What is Office Graph?
Office Graph is a highly touted toolset Microsoft released allowing structured queries across several applications within Office 365. If you're an Office 365 user, you may have noticed the first of Microsoft's offerings that uses Office Graph: Delve. The idea behind Delve and more significantly Office Graph is to enable machine 'learning' to understand relationships between actors and content. Want to know how your colleagues are collaborating on your content? Office Graph enables this within Delve, and also allows app development to provide a custom user experience surrounding social interactions.
Here's a simplified graphic of the Office Graph workings:\
Why Delve isn't Awesome:
Delve is a first generation attempt to surface relevant content using a new Paradigm. Rather than rely heavily on content tags and site structure, Delve relies on usage, search, and relationships between users and content. The engine running Office Graph is GQL (Graph Query Language) which uses SharePoint's REST API. While SharePoint's REST API isn't new, all descriptions of GQL are sure to note that the language is very 'preliminary'. Not sure what a developer could do using GQL? Here's an example of a little app that shows content discovered using GQL and Office Graph to represent articles in bubbles sized by their view count. Neat.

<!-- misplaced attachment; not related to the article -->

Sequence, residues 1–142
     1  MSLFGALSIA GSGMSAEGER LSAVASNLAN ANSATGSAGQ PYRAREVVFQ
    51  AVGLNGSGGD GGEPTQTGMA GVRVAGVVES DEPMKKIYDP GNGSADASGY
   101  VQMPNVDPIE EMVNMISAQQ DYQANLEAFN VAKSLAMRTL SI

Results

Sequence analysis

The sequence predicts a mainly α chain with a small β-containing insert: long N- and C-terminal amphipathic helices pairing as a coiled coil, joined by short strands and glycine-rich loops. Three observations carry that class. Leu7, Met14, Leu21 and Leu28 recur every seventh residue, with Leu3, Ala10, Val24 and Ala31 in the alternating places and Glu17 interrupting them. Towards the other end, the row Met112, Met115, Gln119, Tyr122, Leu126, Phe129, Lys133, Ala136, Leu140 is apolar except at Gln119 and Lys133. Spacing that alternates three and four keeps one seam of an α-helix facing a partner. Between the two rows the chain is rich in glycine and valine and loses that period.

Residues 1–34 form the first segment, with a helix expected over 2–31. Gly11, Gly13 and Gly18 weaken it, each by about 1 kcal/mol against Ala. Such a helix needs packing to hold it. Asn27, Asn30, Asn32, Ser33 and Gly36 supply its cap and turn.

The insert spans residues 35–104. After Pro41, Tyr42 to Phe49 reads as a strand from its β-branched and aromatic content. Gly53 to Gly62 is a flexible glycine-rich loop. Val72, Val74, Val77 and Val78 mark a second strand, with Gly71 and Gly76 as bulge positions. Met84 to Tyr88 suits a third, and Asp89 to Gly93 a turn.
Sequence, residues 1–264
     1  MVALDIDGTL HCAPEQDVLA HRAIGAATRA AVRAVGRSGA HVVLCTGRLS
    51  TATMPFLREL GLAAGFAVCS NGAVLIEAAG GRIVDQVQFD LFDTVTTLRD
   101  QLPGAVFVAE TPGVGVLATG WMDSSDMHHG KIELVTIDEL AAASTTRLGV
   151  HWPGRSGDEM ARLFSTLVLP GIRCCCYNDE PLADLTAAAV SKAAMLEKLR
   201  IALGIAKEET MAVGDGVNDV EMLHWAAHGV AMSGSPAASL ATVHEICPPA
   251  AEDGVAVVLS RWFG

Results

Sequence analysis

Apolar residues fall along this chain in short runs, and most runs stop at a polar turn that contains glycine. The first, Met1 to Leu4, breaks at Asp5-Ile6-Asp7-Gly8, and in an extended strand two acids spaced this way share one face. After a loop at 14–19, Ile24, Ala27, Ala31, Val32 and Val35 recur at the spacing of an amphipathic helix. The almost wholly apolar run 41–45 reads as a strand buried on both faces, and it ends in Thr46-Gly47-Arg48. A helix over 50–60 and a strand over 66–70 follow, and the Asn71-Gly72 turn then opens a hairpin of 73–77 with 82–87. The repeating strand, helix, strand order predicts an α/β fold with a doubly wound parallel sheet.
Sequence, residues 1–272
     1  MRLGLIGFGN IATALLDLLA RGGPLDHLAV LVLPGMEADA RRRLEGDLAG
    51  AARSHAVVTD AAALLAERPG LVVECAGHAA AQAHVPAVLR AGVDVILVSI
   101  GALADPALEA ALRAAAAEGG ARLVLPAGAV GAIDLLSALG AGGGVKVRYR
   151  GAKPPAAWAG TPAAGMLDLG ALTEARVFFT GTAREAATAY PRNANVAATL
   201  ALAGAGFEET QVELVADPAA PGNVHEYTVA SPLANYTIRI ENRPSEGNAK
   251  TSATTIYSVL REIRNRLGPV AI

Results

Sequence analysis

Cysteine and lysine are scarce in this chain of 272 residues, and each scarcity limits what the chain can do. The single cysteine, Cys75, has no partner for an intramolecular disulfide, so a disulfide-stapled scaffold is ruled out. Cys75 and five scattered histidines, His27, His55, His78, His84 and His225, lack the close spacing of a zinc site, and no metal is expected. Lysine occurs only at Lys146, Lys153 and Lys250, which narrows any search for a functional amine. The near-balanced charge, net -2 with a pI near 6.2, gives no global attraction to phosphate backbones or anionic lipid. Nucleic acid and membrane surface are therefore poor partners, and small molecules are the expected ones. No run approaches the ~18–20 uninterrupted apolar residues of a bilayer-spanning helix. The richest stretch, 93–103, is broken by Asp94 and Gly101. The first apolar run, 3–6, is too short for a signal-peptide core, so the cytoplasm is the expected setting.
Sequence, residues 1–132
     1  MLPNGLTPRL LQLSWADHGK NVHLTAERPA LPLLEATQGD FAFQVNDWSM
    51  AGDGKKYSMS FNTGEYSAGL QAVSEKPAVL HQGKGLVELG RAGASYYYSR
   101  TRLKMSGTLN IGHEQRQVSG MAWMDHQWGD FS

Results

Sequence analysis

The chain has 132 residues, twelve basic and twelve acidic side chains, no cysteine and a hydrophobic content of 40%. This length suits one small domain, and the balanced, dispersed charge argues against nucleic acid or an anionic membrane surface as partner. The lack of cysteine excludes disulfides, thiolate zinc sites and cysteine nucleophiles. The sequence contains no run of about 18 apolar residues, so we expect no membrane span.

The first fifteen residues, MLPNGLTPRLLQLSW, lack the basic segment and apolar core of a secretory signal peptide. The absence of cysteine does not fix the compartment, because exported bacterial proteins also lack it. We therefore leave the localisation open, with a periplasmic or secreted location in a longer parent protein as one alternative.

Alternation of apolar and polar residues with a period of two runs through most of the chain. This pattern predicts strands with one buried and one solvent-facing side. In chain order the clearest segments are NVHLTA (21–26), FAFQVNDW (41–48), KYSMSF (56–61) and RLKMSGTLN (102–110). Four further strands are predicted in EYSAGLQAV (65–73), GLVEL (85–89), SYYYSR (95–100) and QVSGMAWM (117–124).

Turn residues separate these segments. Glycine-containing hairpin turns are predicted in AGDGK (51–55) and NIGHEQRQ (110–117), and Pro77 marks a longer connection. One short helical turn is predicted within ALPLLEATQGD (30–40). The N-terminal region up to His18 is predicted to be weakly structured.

What's next for Office Graph?
One of the good things about Office Graph is that GQL Queries span multiple Office 365 Applications including, SharePoint OneDrive, OneDrive for Business, Exchange Online, and Yammer. OneNote and Lync are next up for integration. This is a good idea. Creating the ability to search for content throughout Office 365 regardless of application may become hugely important. As GQL evolves, and developers create apps, look for more flexibility in the amount of personalization users should expect in their Office 365 environments.